Investing.com — The S&P 500 staged a late dash from the lows of the day as the race to record highs resumed following a recent stumble as broadening out of the rally on stronger corporate earnings helped soften the blow from chip-led weakness in tech stocks.
By 15:35 ET (20:35 GMT), the benchmark gained 0.1% to 4,954.24, just shy of its prior record Feb. 2 close of 4,958.61. The tech-heavy rose 0.1%, and the blue chip had climbed by 141 points or 0.1%.
Eli Lilly, Palantir, Spotify impress on earnings stage
Eli Lilly (NYSE:) ended just below the flatline after giving up gains despite reporting fourth-quarter results that topped estimates, driven by soaring demand for its new suite of obesity and diabetes drugs.
Palantir Technologies Inc (NYSE:) surged nearly 31% after reporting Q4 beat on both the top and bottom lines as commercial revenue jumped underpinned by new business deals. “Its clear that as AI use cases explode enterprise chief investment officers are looking towards [Palantir CEO] Alex Karp as the AI golden child for a platform to build out AI frameworks for the future,” Wedbush said in a note, after lifting its price target on the stock to $30 from $25.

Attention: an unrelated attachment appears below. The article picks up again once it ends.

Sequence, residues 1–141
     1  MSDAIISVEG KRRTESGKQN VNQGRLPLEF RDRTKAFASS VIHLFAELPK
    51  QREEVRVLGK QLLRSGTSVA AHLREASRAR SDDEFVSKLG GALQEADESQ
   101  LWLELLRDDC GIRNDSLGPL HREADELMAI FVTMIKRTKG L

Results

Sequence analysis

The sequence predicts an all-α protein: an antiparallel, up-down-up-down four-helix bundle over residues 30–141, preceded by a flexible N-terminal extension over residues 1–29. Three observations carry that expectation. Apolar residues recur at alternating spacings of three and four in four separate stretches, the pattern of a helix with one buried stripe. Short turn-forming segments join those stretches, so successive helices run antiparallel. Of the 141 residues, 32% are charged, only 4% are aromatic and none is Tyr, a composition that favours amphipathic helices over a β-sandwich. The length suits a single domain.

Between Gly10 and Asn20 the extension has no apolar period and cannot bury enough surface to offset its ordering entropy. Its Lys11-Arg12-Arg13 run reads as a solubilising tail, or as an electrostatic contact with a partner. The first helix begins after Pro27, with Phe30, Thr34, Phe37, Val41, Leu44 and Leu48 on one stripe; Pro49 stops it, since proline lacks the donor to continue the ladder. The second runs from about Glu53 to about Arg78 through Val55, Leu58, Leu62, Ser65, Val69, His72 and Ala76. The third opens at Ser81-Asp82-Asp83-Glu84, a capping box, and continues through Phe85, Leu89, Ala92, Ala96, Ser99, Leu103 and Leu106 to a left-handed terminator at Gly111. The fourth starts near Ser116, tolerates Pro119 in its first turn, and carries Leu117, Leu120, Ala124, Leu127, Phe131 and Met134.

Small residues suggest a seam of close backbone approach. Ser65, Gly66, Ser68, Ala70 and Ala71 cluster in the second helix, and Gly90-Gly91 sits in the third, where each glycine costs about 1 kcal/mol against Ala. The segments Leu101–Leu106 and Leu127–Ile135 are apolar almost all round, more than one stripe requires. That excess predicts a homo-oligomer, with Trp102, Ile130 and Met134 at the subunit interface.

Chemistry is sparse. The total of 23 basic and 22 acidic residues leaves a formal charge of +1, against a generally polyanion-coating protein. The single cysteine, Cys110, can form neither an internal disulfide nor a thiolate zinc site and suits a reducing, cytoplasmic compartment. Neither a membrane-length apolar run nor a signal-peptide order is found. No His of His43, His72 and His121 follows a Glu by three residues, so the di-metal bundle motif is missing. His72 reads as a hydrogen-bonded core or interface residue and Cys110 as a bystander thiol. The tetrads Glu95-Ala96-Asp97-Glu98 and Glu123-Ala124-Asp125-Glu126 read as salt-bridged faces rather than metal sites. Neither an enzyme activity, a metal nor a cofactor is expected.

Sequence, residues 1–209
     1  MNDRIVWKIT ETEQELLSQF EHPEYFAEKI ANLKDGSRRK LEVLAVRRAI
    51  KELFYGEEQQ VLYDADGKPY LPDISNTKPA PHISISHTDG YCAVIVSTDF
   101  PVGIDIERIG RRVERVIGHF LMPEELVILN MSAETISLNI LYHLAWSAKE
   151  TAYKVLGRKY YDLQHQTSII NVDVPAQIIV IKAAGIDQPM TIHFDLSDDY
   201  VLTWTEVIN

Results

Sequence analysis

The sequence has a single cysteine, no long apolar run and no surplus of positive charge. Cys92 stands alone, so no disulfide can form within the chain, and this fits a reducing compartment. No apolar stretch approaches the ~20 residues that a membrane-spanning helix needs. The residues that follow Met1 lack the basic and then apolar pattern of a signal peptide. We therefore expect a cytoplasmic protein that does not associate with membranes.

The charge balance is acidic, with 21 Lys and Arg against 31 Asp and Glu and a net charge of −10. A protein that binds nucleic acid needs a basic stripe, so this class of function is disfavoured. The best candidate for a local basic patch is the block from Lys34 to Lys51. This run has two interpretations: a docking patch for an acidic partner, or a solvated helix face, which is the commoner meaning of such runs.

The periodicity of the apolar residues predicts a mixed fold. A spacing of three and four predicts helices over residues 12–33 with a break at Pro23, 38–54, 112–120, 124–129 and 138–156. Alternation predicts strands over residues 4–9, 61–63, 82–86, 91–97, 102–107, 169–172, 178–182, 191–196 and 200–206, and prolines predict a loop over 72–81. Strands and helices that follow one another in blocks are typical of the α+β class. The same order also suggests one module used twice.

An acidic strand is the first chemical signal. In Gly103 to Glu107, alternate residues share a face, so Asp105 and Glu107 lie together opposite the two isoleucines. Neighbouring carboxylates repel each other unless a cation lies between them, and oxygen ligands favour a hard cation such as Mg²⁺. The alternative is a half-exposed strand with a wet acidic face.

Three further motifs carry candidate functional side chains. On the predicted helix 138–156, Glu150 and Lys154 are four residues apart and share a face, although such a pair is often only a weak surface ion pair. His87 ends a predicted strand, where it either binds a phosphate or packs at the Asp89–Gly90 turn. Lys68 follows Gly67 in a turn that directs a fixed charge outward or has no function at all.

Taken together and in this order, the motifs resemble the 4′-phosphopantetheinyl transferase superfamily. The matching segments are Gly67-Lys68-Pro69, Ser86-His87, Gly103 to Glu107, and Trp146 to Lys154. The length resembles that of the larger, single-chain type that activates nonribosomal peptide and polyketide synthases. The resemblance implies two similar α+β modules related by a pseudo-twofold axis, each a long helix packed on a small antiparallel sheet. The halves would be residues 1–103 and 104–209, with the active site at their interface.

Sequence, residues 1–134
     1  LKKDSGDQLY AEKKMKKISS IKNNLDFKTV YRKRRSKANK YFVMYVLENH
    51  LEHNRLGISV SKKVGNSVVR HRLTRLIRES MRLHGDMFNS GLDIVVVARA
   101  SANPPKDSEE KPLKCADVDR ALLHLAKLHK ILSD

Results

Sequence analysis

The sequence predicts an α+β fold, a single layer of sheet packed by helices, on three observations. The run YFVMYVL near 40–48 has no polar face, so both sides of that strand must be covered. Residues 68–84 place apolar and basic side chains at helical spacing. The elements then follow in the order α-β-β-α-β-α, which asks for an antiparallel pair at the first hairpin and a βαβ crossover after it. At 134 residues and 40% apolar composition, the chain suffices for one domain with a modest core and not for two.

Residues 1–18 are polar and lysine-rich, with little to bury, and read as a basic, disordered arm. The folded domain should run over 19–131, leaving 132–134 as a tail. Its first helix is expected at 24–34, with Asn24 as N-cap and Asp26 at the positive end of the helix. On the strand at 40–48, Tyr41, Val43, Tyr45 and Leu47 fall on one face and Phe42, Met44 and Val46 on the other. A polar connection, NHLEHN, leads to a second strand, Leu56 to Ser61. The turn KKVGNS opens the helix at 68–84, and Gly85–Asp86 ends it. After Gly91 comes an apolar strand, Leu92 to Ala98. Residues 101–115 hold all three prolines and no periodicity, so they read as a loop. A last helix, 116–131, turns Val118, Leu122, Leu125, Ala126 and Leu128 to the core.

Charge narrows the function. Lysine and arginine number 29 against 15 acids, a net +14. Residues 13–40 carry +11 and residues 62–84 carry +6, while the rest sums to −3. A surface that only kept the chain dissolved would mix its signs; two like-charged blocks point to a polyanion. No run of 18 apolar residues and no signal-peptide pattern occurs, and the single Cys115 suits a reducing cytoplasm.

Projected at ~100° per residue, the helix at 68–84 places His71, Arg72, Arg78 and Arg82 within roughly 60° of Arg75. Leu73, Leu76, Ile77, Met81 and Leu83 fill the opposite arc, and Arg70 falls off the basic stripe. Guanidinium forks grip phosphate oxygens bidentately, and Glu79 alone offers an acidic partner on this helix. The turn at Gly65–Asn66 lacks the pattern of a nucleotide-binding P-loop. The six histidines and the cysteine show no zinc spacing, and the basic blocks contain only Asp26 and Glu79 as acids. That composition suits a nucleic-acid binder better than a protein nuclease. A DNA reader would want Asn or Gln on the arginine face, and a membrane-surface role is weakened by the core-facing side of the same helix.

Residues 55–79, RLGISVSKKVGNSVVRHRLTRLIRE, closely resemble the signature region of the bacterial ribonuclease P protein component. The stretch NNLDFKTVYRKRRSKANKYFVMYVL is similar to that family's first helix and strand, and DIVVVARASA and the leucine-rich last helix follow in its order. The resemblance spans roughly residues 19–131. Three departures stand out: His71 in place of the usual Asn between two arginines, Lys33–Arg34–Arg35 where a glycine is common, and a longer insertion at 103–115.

Spotify Technology SA (NYSE:), meanwhile, narrowed its losses in fourth quarter after revenue climbed 17% as the music streaming racked in more monthly active users than Wall Street expected. Its shares rose nearly 4%.
Tech slips on dip in chips; Docusign falls as takeover hopes cool
Tech stocks, meanwhile, were dragged lower by weaker semiconductor stocks, with NVIDIA Corporation (NASDAQ:), Advanced Micro Devices Inc (NASDAQ:), and Rambus Inc (NASDAQ:) leading the declines, with latter slumping 19% after reporting a slip in revenue in Q4 year-on-year
DocuSign Inc (NASDAQ:) fell 2% after the company said it would layoff of 6% of its workforce and signaled that it would remain a public company following a Reuters reports that talks with potential suitors had stalled. The job cuts were part of restructuring plan that company said will help it “realize its multi-year growth aspirations as an independent public company.”
Fed speakers continue to echo higher for longer rates
Federal Reserve officials continued to reiterate that the Fed isn’t in a rush to cut rates as there remains work to be done on slowing inflation to the 2% target.
Minneapolis fed president Neel Kashkari said recent inflation data on a six-month, or three months basis, show that inflation is “basically” at target, though cautioned that it is “not all the way there yet.”
The remarks arrived on the heels of Federal Reserve Bank of Cleveland President Loretta Mester saying that policymakers will likely cut rates later this year should inflation continue to cool, though added that there was “no rush” to cut.
(Scott Kanowsky, Oliver Gray contributed to this report.)